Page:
In this month's blog post we are sharing an interview between Jackie Lutze of Kale and Cotton with our founder, Connie Howes.
Read the full interview below written by Jackie.
Designed in Vancouver Island and ethically made in Bali, Poème Clothing is giving serious boho vibes to our summer wardrobes. It is easy to see why they were featured in our roundup of the best dresses for wedding guests.
These beautifully created pieces are easy to dress up or down, making them a great staple in any warm-weather wardrobe.
We chatted with the visionary founder, Connie, about the inspiration behind her business and the need for ethical production in the fashion industry.
Jackie: What inspired you to start the brand?
Connie: I have always loved fashion, ever since I can remember it has been my biggest passion. After having children and leaving a career in Chinese Medicine, I was adamant about finding something that I was absolutely in love with. This is why I chose to start my own clothing brand.
Jackie: When did you first learn about the need for fair wages and slow fashion?
Connie: Shortly after I started Poème I read ‘Fixing Fashion’ by Michael Lavergne and ‘Magnifico’ by Kate Black. These books describe some of the issues in the fashion industry and how it is one of the most damaging industries on the planet. Reading these books was the catalyst for me to want to produce ethically made clothing only.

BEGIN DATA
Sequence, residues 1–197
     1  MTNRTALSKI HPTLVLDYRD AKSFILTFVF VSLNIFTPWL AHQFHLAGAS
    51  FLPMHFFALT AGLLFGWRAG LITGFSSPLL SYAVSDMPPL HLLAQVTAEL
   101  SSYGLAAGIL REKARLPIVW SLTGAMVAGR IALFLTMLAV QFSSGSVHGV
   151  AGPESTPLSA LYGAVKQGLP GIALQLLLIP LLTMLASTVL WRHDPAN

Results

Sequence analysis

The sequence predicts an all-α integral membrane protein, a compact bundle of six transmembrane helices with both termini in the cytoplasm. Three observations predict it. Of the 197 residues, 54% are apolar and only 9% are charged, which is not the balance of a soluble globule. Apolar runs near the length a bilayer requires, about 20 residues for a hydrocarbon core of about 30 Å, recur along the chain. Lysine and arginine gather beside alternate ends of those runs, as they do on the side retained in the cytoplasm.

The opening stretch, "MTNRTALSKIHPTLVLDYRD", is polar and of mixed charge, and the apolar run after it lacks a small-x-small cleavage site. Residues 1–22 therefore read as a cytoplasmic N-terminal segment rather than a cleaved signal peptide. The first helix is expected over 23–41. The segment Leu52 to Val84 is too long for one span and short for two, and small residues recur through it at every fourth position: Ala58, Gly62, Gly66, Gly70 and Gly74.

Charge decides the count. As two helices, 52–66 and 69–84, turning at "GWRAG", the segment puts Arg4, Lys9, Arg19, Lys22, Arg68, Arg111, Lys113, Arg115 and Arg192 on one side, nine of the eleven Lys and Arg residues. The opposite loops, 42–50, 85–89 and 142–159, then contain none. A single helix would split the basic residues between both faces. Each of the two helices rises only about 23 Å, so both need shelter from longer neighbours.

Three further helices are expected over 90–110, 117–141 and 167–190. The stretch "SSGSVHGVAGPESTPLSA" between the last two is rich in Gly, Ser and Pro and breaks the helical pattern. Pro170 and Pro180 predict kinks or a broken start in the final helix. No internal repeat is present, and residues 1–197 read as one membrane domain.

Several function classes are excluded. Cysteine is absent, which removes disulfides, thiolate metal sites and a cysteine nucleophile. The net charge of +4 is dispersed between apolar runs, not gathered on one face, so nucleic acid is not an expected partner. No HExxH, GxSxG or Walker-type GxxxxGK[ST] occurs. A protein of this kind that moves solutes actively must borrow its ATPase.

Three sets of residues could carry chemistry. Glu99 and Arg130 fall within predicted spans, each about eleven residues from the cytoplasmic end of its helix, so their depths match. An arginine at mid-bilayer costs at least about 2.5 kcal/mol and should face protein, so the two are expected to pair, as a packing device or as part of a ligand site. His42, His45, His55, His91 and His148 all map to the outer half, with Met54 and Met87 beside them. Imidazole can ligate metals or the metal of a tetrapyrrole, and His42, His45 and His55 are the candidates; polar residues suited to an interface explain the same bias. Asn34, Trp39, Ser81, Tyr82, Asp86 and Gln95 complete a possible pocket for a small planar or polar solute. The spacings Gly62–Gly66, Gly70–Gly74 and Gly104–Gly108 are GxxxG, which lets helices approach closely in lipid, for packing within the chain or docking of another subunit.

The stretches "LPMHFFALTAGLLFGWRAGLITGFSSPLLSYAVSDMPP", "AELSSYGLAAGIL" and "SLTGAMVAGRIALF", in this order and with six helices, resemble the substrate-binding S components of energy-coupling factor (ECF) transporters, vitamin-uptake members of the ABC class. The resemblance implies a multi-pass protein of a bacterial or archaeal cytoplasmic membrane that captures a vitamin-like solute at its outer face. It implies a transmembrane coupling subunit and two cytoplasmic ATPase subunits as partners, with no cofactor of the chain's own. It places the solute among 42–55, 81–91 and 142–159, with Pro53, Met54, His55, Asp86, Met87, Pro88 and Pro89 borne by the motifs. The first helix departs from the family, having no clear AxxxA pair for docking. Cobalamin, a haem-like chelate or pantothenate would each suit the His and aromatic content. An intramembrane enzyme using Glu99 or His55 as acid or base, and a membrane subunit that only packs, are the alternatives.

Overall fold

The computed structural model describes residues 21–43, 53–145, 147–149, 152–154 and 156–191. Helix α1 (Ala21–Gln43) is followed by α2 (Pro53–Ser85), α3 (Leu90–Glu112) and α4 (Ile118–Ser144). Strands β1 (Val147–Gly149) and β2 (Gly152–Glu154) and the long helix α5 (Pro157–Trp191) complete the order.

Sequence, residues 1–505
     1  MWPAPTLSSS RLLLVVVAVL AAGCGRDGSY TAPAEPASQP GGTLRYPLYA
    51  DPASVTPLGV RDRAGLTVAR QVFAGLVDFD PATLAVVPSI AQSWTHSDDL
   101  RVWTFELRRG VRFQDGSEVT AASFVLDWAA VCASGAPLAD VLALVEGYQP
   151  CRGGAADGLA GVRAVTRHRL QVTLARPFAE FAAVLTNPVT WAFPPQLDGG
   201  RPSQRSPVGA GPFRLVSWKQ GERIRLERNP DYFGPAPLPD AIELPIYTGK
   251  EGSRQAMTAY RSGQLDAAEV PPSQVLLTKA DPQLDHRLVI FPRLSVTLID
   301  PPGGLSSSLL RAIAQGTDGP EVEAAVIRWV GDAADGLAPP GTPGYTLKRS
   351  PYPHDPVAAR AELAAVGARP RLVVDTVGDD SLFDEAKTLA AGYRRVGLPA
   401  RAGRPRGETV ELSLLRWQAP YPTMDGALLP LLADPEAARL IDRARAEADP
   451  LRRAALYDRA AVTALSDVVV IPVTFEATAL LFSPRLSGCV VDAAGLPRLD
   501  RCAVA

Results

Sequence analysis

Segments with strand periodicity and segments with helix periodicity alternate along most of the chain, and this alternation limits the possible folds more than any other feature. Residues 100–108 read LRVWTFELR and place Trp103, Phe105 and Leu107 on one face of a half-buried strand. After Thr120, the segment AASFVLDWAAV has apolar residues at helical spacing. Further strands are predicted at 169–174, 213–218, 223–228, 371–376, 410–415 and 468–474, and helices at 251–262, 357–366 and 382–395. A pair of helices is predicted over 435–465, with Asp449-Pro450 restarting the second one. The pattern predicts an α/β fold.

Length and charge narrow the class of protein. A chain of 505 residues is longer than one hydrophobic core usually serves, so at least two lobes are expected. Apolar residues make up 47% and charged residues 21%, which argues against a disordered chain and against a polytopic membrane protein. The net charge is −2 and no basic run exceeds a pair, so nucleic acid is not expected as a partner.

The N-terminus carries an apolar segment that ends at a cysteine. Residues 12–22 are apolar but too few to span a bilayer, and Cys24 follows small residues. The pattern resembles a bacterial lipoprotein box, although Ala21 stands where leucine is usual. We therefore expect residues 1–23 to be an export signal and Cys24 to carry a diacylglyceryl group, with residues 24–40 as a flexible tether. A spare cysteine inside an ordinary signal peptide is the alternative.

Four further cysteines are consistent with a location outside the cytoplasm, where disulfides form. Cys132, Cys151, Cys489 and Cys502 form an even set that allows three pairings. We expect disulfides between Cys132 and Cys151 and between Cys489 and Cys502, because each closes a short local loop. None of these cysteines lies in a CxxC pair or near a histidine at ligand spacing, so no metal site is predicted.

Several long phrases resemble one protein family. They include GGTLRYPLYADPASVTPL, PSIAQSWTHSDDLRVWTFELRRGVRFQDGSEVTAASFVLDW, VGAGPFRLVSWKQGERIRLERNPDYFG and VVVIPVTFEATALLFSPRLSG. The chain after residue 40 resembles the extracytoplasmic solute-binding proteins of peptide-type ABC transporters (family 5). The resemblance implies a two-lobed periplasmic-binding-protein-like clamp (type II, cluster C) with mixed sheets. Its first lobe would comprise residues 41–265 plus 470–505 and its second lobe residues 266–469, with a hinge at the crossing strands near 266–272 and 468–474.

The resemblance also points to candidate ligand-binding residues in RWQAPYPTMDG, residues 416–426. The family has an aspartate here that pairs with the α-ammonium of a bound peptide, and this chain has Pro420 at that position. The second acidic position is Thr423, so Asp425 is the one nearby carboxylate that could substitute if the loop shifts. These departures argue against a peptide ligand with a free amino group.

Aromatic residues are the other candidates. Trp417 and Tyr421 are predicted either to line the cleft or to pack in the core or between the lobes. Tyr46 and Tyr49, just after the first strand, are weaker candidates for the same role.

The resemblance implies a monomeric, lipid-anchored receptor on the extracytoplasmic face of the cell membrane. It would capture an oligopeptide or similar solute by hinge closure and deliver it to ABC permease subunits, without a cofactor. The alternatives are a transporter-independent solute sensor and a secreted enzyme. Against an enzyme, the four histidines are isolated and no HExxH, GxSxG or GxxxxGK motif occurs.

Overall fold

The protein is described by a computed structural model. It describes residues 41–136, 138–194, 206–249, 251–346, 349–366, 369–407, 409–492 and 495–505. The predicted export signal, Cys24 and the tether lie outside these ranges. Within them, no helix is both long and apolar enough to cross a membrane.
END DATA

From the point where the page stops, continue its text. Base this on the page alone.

Jackie: What does ethically made mean to you?
Connie: To me, ethically made means that as much consideration as possible was made into creating a product that is gentle on the earth, and where no people were exploited in the process.
Jackie: Why is ethical fashion important?
Connie: Because it is the fashion that does the least amount of harm to the planet and the people on it. Everyone on this planet deserves fair and equal treatment in order to better their own lives and the lives of their children.
Jackie: Why is using organic textiles important in clothing?
Connie: It is better for the planet. Dirty crops like non-organic cotton, for instance, are full of chemicals that end up being absorbed into our waters, our soil and into our skin when worn as clothing. Corporations hold a monopoly on farmers in India with genetically modified non-organic cotton seeds, and when they don’t yield high crops these farmers cannot earn enough to survive. There is a direct social and environmental impact connected to the sustainability of our clothing.
Jackie: What role do consumers play in the fashion world?
Connie: Consumers make choices that guide the industry's choices. If consumers choose mostly or only ethically made clothing, then the industry has no choice but to provide such clothing.
Jackie: How can consumers ensure they are supporting the right brands?
Connie: If a consumer is having questions about the ethics of a particular brand then I urge them to do some research into it. Supporting locally made clothing, and supporting companies that are transparent in where their clothing is made is the easiest solution.